After the government’s vote, the Ministry of Justice was tasked with drafting a universal citizenship law that would apply to both Palestinians and Jews. This, however, proved difficult. The cabinet rejected all the ministry’s drafts. It considered the idea of putting Jewish citizenship on par with that of Palestinians outrageous. As stated by Ben Gurion:
There needs to be a naturalization law, but not for the Jews. A Jew who comes to settle in the country is automatically a citizen; he is guaranteed the right to be a citizen in advance. I differentiate here not in the laws, but in the rights towards this country. The others are granted the right to be here only by an act of benevolence, but not the Jew. He is entitled. That is by basic assumption.
Trump’s “deal of the century”, which includes a proposal to transfer ten Palestinian villages in the Triangle area to the Palestinian state and to strip 250,000 Palestinians of their Israeli citizenship, did not undermine the centrality of citizenship as the key to political membership and to the fulfillment of political, civil, and social rights.
The United Religious Front’s Zerach Warhaftig, a lawyer who later served as a Knesset member and as a cabinet minister suggested the legislation of two laws instead of one. The first, the Law of Return, which was enacted in 1950, provides every Jew the right to immigrate to Israel (‘aliya) and to be granted automatic citizenship rights. Under this law, Jews were considered as natural and authentic subjects of citizenship. The Jewish people, Ben Gurion argued have an “a priori right . . . to settle in this land.” The second, the Citizenship Law of 1952, was designed to govern the citizenship of Palestinians whose citizenship was considered the result of the state’s benevolence, not a natural right. Together, the two laws transformed Jewish settlers into native and Palestinians natives into strangers.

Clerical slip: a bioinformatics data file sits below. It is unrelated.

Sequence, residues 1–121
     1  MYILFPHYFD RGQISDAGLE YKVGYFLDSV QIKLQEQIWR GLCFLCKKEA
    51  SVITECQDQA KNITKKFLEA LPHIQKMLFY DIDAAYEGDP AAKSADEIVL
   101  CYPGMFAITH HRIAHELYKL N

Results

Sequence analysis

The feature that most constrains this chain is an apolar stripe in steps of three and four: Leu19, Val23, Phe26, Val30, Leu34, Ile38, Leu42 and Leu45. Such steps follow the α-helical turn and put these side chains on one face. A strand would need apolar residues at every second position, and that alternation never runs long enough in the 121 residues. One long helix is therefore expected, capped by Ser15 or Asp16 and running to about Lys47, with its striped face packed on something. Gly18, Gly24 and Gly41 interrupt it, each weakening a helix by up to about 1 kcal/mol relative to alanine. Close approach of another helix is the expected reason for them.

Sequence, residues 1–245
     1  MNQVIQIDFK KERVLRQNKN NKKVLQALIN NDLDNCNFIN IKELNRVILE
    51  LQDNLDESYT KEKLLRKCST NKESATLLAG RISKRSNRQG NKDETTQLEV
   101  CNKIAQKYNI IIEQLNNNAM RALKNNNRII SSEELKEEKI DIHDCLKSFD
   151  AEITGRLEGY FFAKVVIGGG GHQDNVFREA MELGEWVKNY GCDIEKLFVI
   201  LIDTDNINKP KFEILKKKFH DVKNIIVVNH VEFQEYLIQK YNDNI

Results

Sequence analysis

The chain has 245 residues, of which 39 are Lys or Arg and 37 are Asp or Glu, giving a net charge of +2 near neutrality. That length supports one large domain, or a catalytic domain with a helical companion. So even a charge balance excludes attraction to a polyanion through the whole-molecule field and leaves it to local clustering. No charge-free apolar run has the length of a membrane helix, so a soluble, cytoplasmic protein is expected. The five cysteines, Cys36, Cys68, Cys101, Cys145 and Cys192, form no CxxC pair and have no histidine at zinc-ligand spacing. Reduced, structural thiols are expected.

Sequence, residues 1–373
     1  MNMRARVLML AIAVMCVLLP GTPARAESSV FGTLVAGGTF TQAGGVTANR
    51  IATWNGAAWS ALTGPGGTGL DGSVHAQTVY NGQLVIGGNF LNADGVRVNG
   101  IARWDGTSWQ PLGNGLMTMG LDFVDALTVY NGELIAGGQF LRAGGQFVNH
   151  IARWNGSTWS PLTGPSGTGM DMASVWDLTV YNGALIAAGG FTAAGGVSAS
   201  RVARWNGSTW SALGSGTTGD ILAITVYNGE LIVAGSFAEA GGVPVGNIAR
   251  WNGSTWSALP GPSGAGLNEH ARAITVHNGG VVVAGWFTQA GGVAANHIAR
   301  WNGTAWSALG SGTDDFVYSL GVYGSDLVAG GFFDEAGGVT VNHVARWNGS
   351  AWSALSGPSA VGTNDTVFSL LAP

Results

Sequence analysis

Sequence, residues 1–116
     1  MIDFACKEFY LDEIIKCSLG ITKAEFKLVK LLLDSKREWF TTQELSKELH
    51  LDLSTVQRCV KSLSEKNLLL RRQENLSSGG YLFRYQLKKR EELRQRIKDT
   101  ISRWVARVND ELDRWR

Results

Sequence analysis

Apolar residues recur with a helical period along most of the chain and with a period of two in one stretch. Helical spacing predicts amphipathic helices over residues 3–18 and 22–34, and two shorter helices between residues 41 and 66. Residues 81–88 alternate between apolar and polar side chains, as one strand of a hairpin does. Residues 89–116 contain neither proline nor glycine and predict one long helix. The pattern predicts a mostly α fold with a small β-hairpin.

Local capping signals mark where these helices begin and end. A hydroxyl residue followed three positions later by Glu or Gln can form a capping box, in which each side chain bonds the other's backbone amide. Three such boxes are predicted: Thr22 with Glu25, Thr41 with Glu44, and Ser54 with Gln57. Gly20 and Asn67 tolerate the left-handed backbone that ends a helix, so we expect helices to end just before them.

Warhaftig’s solution allowed Israeli leaders to discriminate against Palestinians while still appearing liberals. As Ben Gurion commented: “I suggest that the citizenship law will apply in practice only to non-Jews, without needing to mention that . . . it will apply to everyone except for Jews.” Unlike Jews, Palestinian entitlement to citizenship was not unconditional. The citizenship of ’48 Palestinians was regulated in section 3 of the Citizenship Law (citizenship by residence). This section of the law automatically excluded all Palestinian refugees and it applied legal constraints that restricted ’48 Palestinians from qualifying for citizenship status. As a result, only 63,000 of the estimated one 160,000 Palestinians living in Israel in 1952 received citizenship with the law’s enactment. The law was so restrictive that entitlement to suffrage during the first and second parliamentary elections did not guarantee the extension of citizenship if a person failed to meet the set conditions. Consequently, many Palestinians found themselves denied citizenship despite having enjoyed voting rights in the past.